Personal Qualities and Skills

As a systems or business analyst, you'll need:

  • To enjoy solving problems and weighing up the pros and cons of different solutions.
  • A logical, analytical and investigative mind, together with creative abilities.
  • An understanding of computing and programming techniques.
  • Strong verbal and written communication skills.
  • Interpersonal skills.
  • A good general awareness of how businesses operate.
  • Good listening skills and the ability to ask the right questions.
  • Tact, diplomacy and good negotiating skills.
  • The ability and willingness to find out about the particular department or organisation that needs your help.
  • Good report-writing skills.

You will also need to be able to:

  • Work closely with staff at all levels throughout an organisation.
  • Explain your ideas confidently, clearly and concisely.
  • Work under pressure to manage projects and meet deadlines.

Pay and Opportunities

Pay

Salaries for computer systems analysts vary depending on the range of their responsibilities, and the size and type of company they work for. The pay rates given below are approximate.

Systems analysts earn in the range of £20,000 - £28,500 a year, rising to £37,000 - £52,000. Higher earners can make over £55,000 a year.

Salaries could include performance-related pay, profit share or company bonuses.

Hours of work

Systems analysts usually work 35-37 hours, Monday to Friday.

Where could I work?

Jobs exist with employers in industry and commerce, including banks, building societies and insurance companies, and in the public sector, for example, with local and central government departments and the NHS.

Opportunities for systems or business analysts occur in cities and some towns around the UK. A significant number of vacancies for IT and telecoms professionals are in London and the South East of England.

What's happening in this work area?

The IT industry is predicted to grow much faster than the rest of the UK workforce over the next decade. The recession has affected the IT industry, but overall it has emerged in a very strong position.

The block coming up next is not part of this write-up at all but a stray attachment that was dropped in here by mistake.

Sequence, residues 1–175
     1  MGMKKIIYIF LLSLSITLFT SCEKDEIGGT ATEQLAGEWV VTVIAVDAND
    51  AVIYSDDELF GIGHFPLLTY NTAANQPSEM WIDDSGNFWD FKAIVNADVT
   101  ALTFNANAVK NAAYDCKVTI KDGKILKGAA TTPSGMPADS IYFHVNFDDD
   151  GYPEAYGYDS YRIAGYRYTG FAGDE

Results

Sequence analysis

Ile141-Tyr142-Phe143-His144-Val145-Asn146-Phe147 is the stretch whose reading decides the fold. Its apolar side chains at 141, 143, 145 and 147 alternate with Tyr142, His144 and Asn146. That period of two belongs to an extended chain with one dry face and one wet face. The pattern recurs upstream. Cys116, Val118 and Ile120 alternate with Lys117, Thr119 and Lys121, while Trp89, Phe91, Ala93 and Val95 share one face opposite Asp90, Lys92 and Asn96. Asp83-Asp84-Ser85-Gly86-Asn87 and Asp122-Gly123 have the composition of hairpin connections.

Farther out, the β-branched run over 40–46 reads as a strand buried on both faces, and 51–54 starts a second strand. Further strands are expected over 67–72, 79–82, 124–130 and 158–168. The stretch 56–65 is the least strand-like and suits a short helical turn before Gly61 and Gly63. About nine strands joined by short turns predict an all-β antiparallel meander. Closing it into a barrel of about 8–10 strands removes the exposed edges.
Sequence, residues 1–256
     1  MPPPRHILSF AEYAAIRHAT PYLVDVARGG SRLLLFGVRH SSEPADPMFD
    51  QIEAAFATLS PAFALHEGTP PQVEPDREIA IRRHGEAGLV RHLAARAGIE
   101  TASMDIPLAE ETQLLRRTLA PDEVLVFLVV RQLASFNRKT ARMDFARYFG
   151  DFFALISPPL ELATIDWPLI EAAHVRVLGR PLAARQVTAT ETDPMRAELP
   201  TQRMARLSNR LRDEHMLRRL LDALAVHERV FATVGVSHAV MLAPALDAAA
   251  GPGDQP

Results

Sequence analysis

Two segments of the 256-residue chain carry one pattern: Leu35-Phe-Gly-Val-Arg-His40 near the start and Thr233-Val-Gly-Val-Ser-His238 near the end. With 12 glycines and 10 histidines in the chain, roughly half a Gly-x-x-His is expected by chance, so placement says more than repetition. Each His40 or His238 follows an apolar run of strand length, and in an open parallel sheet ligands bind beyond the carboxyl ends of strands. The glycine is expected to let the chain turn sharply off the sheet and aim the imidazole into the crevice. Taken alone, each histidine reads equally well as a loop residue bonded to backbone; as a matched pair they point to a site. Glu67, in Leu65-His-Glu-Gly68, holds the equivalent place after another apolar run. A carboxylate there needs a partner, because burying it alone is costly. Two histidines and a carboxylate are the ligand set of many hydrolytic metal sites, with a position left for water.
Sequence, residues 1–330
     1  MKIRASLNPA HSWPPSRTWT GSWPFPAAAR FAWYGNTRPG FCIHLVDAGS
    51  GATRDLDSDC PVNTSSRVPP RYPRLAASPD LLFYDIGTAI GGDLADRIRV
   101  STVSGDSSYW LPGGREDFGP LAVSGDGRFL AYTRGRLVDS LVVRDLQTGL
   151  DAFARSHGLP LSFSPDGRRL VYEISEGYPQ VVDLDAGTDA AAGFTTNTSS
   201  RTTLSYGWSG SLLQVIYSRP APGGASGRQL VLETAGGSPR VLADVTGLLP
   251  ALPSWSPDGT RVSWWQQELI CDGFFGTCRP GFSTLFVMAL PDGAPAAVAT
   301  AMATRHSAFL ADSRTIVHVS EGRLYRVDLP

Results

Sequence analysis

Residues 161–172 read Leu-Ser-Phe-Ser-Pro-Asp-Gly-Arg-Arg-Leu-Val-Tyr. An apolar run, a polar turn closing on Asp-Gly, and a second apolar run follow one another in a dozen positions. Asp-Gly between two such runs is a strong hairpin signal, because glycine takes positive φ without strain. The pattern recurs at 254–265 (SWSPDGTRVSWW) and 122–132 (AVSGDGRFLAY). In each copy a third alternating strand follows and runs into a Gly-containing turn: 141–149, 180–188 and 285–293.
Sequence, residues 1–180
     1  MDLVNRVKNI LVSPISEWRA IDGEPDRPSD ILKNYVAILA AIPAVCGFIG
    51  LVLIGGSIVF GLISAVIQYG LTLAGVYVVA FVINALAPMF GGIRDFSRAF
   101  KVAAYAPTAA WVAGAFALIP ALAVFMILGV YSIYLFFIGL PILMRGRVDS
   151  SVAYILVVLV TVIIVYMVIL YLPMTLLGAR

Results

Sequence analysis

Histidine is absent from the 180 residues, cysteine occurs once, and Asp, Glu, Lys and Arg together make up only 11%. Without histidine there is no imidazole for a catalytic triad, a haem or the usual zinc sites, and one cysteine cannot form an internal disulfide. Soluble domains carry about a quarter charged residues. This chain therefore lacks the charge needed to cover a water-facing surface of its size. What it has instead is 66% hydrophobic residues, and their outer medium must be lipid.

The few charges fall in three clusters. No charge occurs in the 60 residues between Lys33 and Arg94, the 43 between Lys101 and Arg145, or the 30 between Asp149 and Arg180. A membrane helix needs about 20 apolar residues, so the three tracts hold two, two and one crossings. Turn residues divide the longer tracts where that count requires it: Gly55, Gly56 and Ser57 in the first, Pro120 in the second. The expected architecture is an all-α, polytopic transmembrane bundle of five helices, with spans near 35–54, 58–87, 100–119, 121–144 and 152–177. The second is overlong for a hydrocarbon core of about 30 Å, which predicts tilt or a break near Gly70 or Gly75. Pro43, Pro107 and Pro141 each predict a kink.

One reason for this strength is the realisation, by the global economy, of the importance of IT in helping businesses to survive the recession and economic downturn. Investment in technology is also viewed by many as a way for public bodies to become more efficient.

There is a shortage of candidates with IT skills and qualifications in the UK.

Future skills needsTechnical skills are highly important in this industry. However, employers have also highlighted the need for the following non-technical skills:

  • teamworking skills
  • good communication skills
  • business skills.

Self-employment

Opportunities occur for experienced systems analysts to work on a self-employed, consultancy basis - usually on short-term contract work.

Where are vacancies advertised?

Vacancies are advertised on specialist IT job boards and employers' websites, in computing magazines and professional journals, in local/national newspapers, on Universal Jobmatch and at Jobcentre Plus.

Short-term contract work is found through specialist IT recruitment agencies.

Entry Routes and Training

Entry routes

Most entrants are graduates.

However, a Higher Level Apprenticeship is also a great place to start.

A degree in a computing subject, such as business information systems, might give you an advantage. However, employers might also recruit graduates with a degree in another subject, providing all the necessary IT training. Business studies is one of the most relevant non-IT subjects.

Some applicants have programming or related skills, or postgraduate IT qualifications. E-skills has teamed up with employers and universities to offer a degree in Software Development for Business.

Full-time and part-time foundation degrees are offered in various computing and business subjects. These can be topped up to a full degree after further study.

A number of universities offer the Information Technology Management for Business degree that has been jointly developed with major employers. Some universities and employers offer internships or student placements that develop business, communication and interpersonal skills.

Training

Some systems analysts study part-time for further qualifications, for example, the professional qualifications of BCS, The Chartered Institute for IT, or the Institute for the Management of Information Systems (IMIS).